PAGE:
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Why the rush to have tryouts?

What's on your mind?

by Schmick » Tue Aug 04, 2020 1:08 am

why is there a rush for all of the organizations in So Cal to have tryouts the first week of August?
And what is there to gain by going to tryouts at the start of August? The parks aren't open to play anywhere and pelosis nephew won't allow any games to be played until after the election at least anyway.
Why pay dues and start up fees and purchase uniforms when nothing is going to be allowed to go on?
I dont really see a point in any of it at all.
I guess the organizations are thinking they need to keep the money flow going but the girls have mostly sat idle for 5 months now and that's 1000 dollars at 200 a month per girl for a whole bunch of nothing. These organizations want to start charging people again for Sept-Dec for what will likely be 4 months of zoom meetings and hoping to get some work on at a field before the kung flu gestapo rain down and tell everyone to leave?
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by brown bomber » Tue Aug 04, 2020 9:31 am

It’s all about the Benjamins for the orgs. Seriously don’t understand why the rush to pay for Zoom meetings. Also, a way to collect fees in advance and then when season is cancelled or shortened, players are tied in for next season or if they choose to leave and ask for a refund, they get hit with administrative fees.
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by 110% » Tue Aug 04, 2020 1:29 pm

Most teams aren't charging dues, or they're charging a reduced amount during this time. We haven't charged full dues in months. Some teams are practicing and even playing, in fact a very few never stopped playing. There's costs associated with that. Insurances are due as of August 1st. Game Changer has a monthly cost, new softballs cost money, new Bownets cost money. With no tourney fees now is a good time to replace worn out equipment.

If you're practicing and have a permit, you're paying for the field. If you're playing friendlies you're paying for umpires. Getting your team set now also allows the new players to order uniforms and get them back in time for when the teams do play. Coaches are also sending cards, candy or flowers depending on ages to girls that have birthdays during this time. A lot goes on behind the scenes families may not know about.

Quit whining about the orgs taking your money and appreciate you have an organization that will help your daughter get into college someday.
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by jwerde » Wed Aug 05, 2020 3:27 pm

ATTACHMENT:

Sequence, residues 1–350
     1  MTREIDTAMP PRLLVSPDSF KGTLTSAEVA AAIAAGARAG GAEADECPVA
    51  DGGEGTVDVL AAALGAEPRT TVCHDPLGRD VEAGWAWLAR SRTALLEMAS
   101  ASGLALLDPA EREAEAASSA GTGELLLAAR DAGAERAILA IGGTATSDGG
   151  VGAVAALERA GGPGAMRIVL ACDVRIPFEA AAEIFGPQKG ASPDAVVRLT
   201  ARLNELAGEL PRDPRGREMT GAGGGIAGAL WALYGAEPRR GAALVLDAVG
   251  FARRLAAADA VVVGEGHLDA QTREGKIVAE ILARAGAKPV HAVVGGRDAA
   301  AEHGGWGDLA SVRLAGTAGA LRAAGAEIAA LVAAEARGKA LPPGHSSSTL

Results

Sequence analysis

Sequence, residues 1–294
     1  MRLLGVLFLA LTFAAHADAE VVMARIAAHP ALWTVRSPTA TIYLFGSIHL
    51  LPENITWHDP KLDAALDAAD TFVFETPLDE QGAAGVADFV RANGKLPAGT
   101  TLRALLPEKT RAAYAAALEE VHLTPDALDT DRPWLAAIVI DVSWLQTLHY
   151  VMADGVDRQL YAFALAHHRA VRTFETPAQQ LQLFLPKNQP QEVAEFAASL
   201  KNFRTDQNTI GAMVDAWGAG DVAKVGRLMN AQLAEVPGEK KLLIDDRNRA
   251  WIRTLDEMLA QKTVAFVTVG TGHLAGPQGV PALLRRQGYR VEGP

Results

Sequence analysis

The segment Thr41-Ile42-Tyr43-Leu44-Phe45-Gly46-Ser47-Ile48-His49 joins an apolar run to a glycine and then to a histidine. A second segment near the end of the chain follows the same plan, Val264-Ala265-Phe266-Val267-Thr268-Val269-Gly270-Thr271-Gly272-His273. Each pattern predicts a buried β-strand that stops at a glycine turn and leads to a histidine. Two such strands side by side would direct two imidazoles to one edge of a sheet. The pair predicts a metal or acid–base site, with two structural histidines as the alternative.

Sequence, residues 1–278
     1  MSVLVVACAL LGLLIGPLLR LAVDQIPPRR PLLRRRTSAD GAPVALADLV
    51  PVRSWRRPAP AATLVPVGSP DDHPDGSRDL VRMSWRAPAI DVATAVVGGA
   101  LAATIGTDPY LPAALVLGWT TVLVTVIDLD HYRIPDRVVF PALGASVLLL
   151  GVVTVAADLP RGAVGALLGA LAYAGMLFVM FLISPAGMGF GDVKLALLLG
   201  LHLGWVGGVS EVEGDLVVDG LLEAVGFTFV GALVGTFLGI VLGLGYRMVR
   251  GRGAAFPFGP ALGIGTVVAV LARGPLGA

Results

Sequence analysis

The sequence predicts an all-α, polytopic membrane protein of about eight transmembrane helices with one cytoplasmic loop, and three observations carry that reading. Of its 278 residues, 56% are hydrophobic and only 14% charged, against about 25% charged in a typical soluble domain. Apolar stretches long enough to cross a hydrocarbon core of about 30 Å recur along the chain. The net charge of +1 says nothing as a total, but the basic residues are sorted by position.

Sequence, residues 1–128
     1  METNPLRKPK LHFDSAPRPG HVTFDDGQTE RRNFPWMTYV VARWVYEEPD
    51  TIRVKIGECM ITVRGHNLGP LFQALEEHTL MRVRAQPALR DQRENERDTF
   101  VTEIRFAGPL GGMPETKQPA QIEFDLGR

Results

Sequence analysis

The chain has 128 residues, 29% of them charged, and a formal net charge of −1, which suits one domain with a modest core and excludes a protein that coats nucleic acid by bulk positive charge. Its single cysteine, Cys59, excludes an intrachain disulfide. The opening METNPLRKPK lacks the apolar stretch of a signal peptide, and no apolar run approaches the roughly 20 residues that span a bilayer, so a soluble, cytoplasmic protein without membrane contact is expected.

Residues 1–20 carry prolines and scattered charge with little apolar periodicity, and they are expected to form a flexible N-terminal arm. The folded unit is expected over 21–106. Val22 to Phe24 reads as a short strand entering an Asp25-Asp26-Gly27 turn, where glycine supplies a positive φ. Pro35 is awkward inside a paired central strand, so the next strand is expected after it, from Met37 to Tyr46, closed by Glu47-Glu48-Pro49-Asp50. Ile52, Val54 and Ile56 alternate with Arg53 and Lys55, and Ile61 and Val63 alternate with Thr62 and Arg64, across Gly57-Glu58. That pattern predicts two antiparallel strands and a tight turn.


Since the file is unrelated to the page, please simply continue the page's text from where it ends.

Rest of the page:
It's not even about collecting the money as it is collecting new "impact" players or not losing them. It's the keeping up with the Jones's concept. Since a hand full of orgs are holding tryouts that forces the others to do it for fear that the quality kids will already commit to someone else before they ever get a crack at them.

Note to parents with kids who are doing tryouts now- You don't have to commit now. If you are good enough they will take you later as well. It's a game the coaches have to play to get you to commit. Trust me if you are a baller that team will take you at any time!! Unless you are 100% sure it is the team for you, go try out at other locations later on and make a more educated decision after going to those tryouts two or three weeks from now.
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by TheTownUSA » Wed Aug 05, 2020 4:24 pm

"Quit whining about the orgs taking your money and appreciate you have an organization that will help your daughter get into college someday."


If you have to rely on a travel ball organization to get your daughter into college, you may want to reevaluate your priorities AND life in general. My youngest plays travel ball and hopefully will play softball wherever she attends college. All we know for certain is that softball will be a secondary consideration when making her decision on which college or university to attend.

Moreover, only 8% of high school softball players play college ball; less than 2% play D1 ball. Just like with travel ball, pitchers and catchers are in highest demand, so they typically get the full-rides, while most everyone else gets a partial. When you are awarded an athletic scholarship, it's not guaranteed for 4 years, and they pretty much own your life for as long as you hold it.